The career journey and observations of physiotherapist Paul Martin

By Lucy Lomax | 10/08/2017

Along with many other sport science disciplines, being a physiotherapist can be a demanding job with unusual hours, multiple requirements to fulfil and various demands to deal with on a daily basis.

Paul Martin, a qualified physiotherapist and now the English Institute of Sport’s (EIS) Technical Lead for Paralympic Sport tells us about his early days in the discipline, how he got to where he is now and what an average day entails.

Tell us about your role with the EIS.

“I’ve been at the EIS for over 13 years. I have moved away from the hands-on side over the years and my job now as Technical Lead for Paralympic Sport is more of an overseeing role and focuses on developing practitioners.”

How did you first start out?

“I graduated in 1997 in Physiotherapy from Brunel University and then went on to work for a couple of years for the NHS. I then did an MSc in 2002 and was always interested in working with athletes. I started working with the disability swim team back in 2003 for a year before I started working with the EIS. Within my EIS multisport role in the early days I was working with all sorts of athletes, I was even working with water skiers at one point.”

What does your average day entail?

“It’s very varied which is great because Monday’s are normally admin and phone calls and catching up with people. Wednesday’s I’m usually out on sites such as Bisham Abbey or up north and I work another full day with EIS on Thursday’s.

“Recently we had a really big study day where we had a lot of practitioners from para sport come together from inside the EIS and externally. We had a lot of practitioners from different sports who have a great deal of knowledge in impairments and disabilities.

“Therefore, a lot of my time at the moment is being dedicated to sifting through all the feedback from that. A lot of planning goes into those sorts of days and so I’m following that up.

“If I’m with a practitioner it’s about going through some of the challenges they’re facing with athletes and the injuries they’re dealing with and their return to play strategies. We could also go through the squads and analyse any problems and injury data which we can pick up from Performance Data Management System (PDMS). Once we get an overview of the problems, we try to help the practitioner navigate their way through it and help them to deal with the relationships they have with the coaches and other practitioners and help develop the group dynamic. It’s a massively varied role and the best thing is that there is no standard day.”

How much has your role changed as your career has progressed?

“My average day has changed massively. From times when you are constantly back to back with athletes one after the other to now where my responsibilities are much more about practitioner support. My role now requires me to be interested in what the practitioners are doing around the network, giving them opportunities to learn and help them develop as much as they can.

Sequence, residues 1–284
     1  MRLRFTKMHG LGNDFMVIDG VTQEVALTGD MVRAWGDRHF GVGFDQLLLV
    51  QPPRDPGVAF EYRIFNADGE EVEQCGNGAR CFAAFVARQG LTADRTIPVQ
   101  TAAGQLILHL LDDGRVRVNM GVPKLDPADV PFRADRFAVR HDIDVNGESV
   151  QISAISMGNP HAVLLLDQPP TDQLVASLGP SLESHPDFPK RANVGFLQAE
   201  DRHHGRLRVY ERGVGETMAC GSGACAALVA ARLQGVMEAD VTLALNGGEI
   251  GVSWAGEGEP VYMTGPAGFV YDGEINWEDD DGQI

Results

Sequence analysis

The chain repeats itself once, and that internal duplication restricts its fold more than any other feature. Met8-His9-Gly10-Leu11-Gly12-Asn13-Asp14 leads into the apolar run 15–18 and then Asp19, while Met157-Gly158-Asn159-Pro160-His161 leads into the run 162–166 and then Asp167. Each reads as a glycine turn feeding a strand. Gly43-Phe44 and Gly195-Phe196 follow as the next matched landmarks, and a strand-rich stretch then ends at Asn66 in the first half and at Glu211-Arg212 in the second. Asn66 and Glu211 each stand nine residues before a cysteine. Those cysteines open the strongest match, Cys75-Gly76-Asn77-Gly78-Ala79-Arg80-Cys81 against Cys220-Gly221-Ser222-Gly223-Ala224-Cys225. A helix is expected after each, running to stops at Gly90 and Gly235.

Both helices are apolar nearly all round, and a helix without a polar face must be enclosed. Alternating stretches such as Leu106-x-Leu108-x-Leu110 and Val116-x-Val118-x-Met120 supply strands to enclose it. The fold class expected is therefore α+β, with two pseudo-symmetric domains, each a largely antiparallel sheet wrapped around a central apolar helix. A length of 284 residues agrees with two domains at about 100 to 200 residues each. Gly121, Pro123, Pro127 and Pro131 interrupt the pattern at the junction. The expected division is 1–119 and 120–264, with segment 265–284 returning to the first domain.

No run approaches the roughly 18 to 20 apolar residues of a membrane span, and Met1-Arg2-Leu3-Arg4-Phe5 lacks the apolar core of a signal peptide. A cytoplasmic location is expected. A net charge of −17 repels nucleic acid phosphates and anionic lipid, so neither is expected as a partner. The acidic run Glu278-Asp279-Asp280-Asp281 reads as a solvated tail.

“Things have changed a lot in physiotherapy over the years. As an institute, we are always looking for good physios who we can develop and there are a lot of opportunities in place to help practitioners develop their skills over the course of a cycle.”

How has para-sport and people’s perspective of it changed over the years?

“One of the things we wanted to do after London 2012 from a para sport perspective was make sure all practitioners were talking the same language. There were lots of people working in different sports with athletes with different impairments and we were often seeing similar things but not necessarily talking the same language. The first thing I wanted to do was put on impairment specific days so practitioners had a better understanding of the big things we are dealing with on a day to day basis, what we can work on and what we can and can’t have an impact on. Initially we met twice per year and had regular conference calls. We still put on two study days per year but there is a little less time for the conference calls!

“We are getting to the point where from a para point of view, lots of practitioners are now coming in with a real interest in Paralympic sport. Aside from practitioners with an interest in it, there used to be two types of people coming into Paralympic sport; practitioners that saw it as a route into other sport or those that had been around sport for a while and wanted a new challenge. For some of these practitioners it was a case of helping them fall in love with Parasport, which once you’ve been immersed in it is hard to resist. Now we are seeing more people who have a genuine interest in working in Paralympic sport coming into the EIS so we now have a very strong team with a real passion for it.

“Part of the reason I believe this is happening is the fact that the sport is much more easily visible to people with the TV coverage of the Paralympics and the recent Para-Athletics World Championships. That’s never going to do any harm. There is a much greater understanding of what para athletes do and the level of dedication and work they put in and there is a recognition that their achievements are no different from able-bodied athletes.

“Paralympic sport is a movement. For some it is seen as a project group or an area of special interest but some of the sports like Boccia have no Olympic or able-body sport equivalent and are starting to get that level of recognition in their own right.

“Paralympic sport is something that stands on its own and the people who are involved in it, like me, love it.”

If you would like to read more about Physiotherapy at the English Institute of Sport please click here.